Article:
At high school you learn the basic lesson of Animal Farm, which is that the ruling class are pigs and they maintain control and order by setting the dogs onto the other animals. So most people are capable of eventually accepting that politicians and cops aren’t really the good guys and never were, and so their lying to you isn’t that big of a betrayal.
It’s harder to brush off when it’s a doctor lying to you.
An ever-growing number of Kiwis have, over recent years, come to bring their discoveries about the application of medicinal cannabis to the attention of their doctor, only to be firmly told that cannabis has no medicinal value, or even negative value.
This sort of thing is much more difficult to cope with because doctors are generally seen as impartial sources that can be relied upon without politics or money interfering. In many ways, doctors have replaced priests as the kind of person that Kiwis have come to confide in in dark times.
Unfortunately, New Zealand doctors will happily lie to their patients when they are ordered to by politicians who are taking money from pharmaceutical, alcohol or tobacco interests who want to use the law to eliminate a competitor.
This is why they stubbornly refuse to concede that cannabis has medicinal value, even thought it was legalised in California in 1996 and has recently been legalised for medicinal use in Argentina, South Africa, Chile, Colombia, Mexico and other places that New Zealand likes to think itself more developed than.
The unexpected consequence of this lying about the medicinal value of cannabis is that many patients, having become aware that their doctors are lying to them, lose all faith in those doctors, and then stop trusting them on all other matters, such as the need for vaccines and so on.
These medical hyperskeptics are disproportionately young, for the reason that it is almost entirely old people who continue to maintain the fiction that the Drug War is fought for the benefit of the New Zealand people. We know this because there is a correlation of -0.55 between median age and voting for the Aotearoa Legalise Cannabis Party in 2014.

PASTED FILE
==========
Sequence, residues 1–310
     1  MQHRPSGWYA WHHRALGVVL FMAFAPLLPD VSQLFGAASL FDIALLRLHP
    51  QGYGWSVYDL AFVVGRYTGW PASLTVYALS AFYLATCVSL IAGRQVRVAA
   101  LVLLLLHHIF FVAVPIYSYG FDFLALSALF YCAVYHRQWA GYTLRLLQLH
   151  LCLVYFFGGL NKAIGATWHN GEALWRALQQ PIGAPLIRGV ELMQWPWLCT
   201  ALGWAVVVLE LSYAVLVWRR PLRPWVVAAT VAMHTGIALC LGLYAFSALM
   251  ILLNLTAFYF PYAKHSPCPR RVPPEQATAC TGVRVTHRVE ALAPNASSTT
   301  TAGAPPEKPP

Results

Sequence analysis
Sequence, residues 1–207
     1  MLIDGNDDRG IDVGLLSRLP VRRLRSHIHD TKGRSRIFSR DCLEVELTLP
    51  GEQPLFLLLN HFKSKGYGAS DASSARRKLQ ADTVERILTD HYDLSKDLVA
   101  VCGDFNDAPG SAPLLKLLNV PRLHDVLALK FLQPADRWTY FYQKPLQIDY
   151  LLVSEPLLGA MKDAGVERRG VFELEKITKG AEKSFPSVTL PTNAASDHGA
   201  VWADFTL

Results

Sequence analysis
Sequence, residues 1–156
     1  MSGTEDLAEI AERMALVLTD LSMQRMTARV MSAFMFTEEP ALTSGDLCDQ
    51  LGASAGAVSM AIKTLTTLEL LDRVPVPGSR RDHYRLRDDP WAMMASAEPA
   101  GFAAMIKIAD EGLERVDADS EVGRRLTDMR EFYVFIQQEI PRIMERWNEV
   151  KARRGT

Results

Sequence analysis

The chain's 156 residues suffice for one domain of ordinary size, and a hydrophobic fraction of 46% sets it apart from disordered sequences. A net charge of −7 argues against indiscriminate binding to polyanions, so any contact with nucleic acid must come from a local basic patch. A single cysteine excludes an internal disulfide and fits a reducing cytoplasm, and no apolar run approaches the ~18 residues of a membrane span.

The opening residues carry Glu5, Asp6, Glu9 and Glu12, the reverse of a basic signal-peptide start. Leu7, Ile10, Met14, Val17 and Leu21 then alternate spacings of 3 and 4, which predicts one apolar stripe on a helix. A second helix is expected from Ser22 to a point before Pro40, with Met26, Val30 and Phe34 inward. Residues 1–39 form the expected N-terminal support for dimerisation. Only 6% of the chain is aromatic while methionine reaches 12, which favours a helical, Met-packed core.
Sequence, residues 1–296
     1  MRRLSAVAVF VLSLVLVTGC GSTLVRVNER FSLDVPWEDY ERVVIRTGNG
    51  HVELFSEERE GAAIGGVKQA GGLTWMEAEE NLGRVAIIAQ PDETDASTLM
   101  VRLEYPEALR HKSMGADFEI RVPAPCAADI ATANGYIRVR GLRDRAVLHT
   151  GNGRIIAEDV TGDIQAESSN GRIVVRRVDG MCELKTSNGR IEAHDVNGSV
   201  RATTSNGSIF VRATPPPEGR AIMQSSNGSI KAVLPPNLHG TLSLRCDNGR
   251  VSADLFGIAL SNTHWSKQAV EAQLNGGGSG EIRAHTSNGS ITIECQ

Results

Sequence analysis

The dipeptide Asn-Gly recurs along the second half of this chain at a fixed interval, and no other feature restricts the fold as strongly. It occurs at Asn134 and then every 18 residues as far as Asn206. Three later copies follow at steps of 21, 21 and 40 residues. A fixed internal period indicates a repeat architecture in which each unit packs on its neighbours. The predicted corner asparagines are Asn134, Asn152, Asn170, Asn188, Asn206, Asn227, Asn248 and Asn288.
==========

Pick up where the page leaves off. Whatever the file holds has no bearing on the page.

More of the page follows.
The problem with this is that these young adults are precisely the same demographic that does the vast majority of the breeding, and therefore comprise the vast majority of the people tasked with making decisions about the immunisation schedule of infant New Zealanders.
Here the danger is evident. These people, tasked with making important medical decisions for the sake of their children’s wellbeing, cannot have confidence in what their doctor tells them because they know that their doctor has been less than honest on the cannabis subject.
Let’s not understate how incredible it is for a doctor not to know that cannabis is medicinal. It’s just as astonishing as meeting an astronomer who didn’t know that the Earth rotated around the Sun.
If the New Zealand medical profession is serious about preventing an outbreak of a once-eliminated disease, such as the kind that has been kept from breaking out by mass immunisation, then it needs to take care to repair the damage that its credibility has suffered from 21 years of lying about cannabis.
Californians decided that there was enough evidence to make medicinal cannabis legal 21 years ago.
It’s in the public interest of every Kiwi to see to it that our ridiculous drug laws are reformed as soon as possible.
The New Zealand Government, in its limitless beneficence, has decided that we innocent Kiwis need to be protected from the insidious horror drug that is tobacco. The means they have chosen to protect us with is by taxing us more when we purchase cigarettes. Speaking honestly, this strategy could be rightly described as soft prohibition – and it’s just as stupid as hard prohibition.
The logic goes like this. A person’s willingness to buy a good such as tobacco is a function of the price of that good. Because tobacco is not considered medicinal, its use is considered to do nothing but cause disease. So, its use costs taxpayer money in the form of healthcare. Therefore, if you increase tobacco taxes, people will use it less and tax money will be saved on dealing with the effects of the diseases tobacco causes.
The fact that this had led to the absurdity of the Government claiming to impoverish tobacco users for their own benefit hasn’t stopped them from raising the taxes anyway.
The rise in tobacco tax has, predictably, led to a spate of robberies of dairies and other places selling tobacco. As Dan McGlashan has previously written for this newspaper, the majority of regular tobacco smokers were already doing it hard, even before the tax increases.
As this column has previously argued, tobacco ought to rightly be seen as a mental health medicine. The main reason it isn’t is because of the total dominance of materialist dogma in medical and scientific circles – the same materialist dogma that has created our prehistoric mental health system.